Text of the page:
WFAE's Top Stories Of 2019
From breaking news like the shooting at UNC Charlotte and the arrival of MLS to the Queen City to issues that continue to affect the Charlotte area, such as the affordable housing crisis and tolls on Interstate 77, WFAE has brought you news about all of it in 2019.
Our staff of editors and reporters identified the biggest stories in the Charlotte region in 2019. Here's what we covered in the past year that we won't forget:
The epidemic of school shootings found its way to Charlotte in 2019. Two students — 21-year-old Riley Howell and 19-year-old Reed Parlier — were killed and four others were injured when a gunman entered a classroom at UNC Charlotte on the last day of spring semester classes in April. Howell was credited with tackling the gunman to prevent further casulaties.
"He took the fight to the assailant and he unfortunately had to give his life to do so, but he saved lives doing so," CMPD chief Kerr Putney said.
It was a little like a madcap-caper-gone-wrong saga, as Mark Harris originally won the 9th District congressional election in November 2018, but then unusual absentee ballot votes were discovered in Bladen County. It was determined to be a voter fraud scheme — with Harris' own son testifying against him to the North Carolina Board of Elections — and a new election was held in September 2019. This time, Harris didn't run against Dan McCready, the Democrat opponent who tried, again, to win the seat. In the end, Dan Bishop captured the heavily Republican district by 2 percentage points.
And guess what? Bishop will have to run for reelection again in 2020.
In 1993, Charlotte set a record for the 450,000-resident city with 129 homicides. Twenty-six years later, the population has nearly doubled to 900,000, and by Nov. 26 of this year, the city had 100 homicides -- coming far too close to eclipsing that 1993 total.
Those killed ranged from Scott Brooks, the owner of a popular NoDa restaurant, to Kendal Crank, a 27-year-old who was driving to pick up her kids when she was struck by a stray bullet on 28th Street near Tryon Street. When Charlotte Mayor Vi Lyles was sworn in for her second term in early December, she said the city council would focus on how to improve, adding, “We must change the path that we have taken this year.”
With no fanfare and 16 days overdue, the final stretch of the Interstate 77 toll lanes opened Nov. 16. But even that didn’t mean that the $800 million project was finished after four years. Workers continued to pave, including eliminating uneven pavement in some spots, and add noise walls. Contractor I-77 Mobility Partners racked up fines of up to $30,000 a day for the delay in the project that was supposed to be fully completed Nov. 1. The first, northern section of the toll lanes from Huntersville to Mooresville opened June 1 – five months behind schedule.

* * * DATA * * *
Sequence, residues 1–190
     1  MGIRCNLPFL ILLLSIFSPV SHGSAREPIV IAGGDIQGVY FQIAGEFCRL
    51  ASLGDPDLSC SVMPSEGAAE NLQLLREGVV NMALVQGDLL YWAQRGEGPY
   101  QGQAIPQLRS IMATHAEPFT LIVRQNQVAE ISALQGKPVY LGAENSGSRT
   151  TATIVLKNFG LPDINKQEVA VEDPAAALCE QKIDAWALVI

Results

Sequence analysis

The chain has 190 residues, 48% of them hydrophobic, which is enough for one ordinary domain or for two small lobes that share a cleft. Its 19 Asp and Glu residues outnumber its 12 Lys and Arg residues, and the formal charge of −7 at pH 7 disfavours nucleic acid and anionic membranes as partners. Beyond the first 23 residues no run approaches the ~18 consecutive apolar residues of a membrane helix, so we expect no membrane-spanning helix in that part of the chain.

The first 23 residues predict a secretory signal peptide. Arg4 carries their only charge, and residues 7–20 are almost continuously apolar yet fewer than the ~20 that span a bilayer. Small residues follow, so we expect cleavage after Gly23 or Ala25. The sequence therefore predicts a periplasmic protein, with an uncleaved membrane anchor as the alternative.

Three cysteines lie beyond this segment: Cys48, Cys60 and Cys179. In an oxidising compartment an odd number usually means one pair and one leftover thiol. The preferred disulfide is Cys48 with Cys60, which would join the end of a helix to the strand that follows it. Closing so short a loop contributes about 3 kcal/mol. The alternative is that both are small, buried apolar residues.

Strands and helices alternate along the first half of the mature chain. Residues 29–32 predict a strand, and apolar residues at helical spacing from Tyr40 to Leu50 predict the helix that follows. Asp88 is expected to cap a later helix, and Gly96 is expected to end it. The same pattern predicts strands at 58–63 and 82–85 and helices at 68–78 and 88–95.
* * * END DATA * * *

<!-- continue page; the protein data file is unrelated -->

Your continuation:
On March 25, CMPD officers responded to 911 calls about an armed man at a Burger King on Beatties Ford Road. After arriving, officers encountered Danquirs Franklin in the parking lot. CMPD says Franklin was armed and officers told him repeatedly to drop his gun. According to CMPD, Officer Wende Kerl "perceived a lethal threat" and fired her weapon, hitting Franklin. Franklin was transported to the hospital where he later died.
On July 15, Charlotte-Mecklenburg Schools superintendent Clayton Wilcox was suspended for undisclosed reasons. By Aug. 2, he resigned. In late October, we learned part of the reason why: At least two senior administrators accused him of making comments offensive to minority and female employees, according to the Charlotte Observer. Later, the Observer reported that Wilcox pushed CMS to buy technology from a company where he had a relationship with the founder – and later asked that company to hire him as CEO. CMS has how had six superintendents in the past 10 years
CMPD chief Kerr Putney announced Oct. 7 that he had a retirement plan: He’d retire at the end of 2019, then return in March to lead the city through the Republican national convention in August 2020 as a contractor.
Except two days later, North Carolina State Treasurer Dale Folwell said that plan would violate state law. The state statute says that public employees can only collect a pension after "complete separation from active service with no intent or agreement, expressed or implied, to return to service."
Charlotte’s affordable housing crisis continued in 2019, and WFAE took a yearlong look at the issue in our Finding Home series. Stories included how the closing of Lake Arbor Apartments sent a flood of tenants into a tight rental market; the West Side Community Land Trust’s efforts to develop affordable single-family homes; how Section 8 voucher holders have trouble finding housing; and how young adults struggle to find housing in Charlotte. And it included a public conversation in November at the Harvey B. Gantt Center.
Charlotte-Mecklenburg residents resoundingly rejected a quarter-cent sales tax increase that would have funded education and the arts. The tax had been expected to raise $50 million in its first year. But with debate over how, precisely, the money would be used and whether it was the best recipient for a sales tax increase were among the reasons the tax was voted down in November.
A year after David Tepper bought the Carolina Panthers, he secured another sports franchise for the Queen City: Major League Soccer. The league announced Dec. 17 that Charlotte would be the 30th team to receive an MLS franchise, with games beginning as soon as 2021. It came with a hefty price tag: It will require $110 million in public tax money, with Tepper expected to chip in more than $300 million for the expansion fee.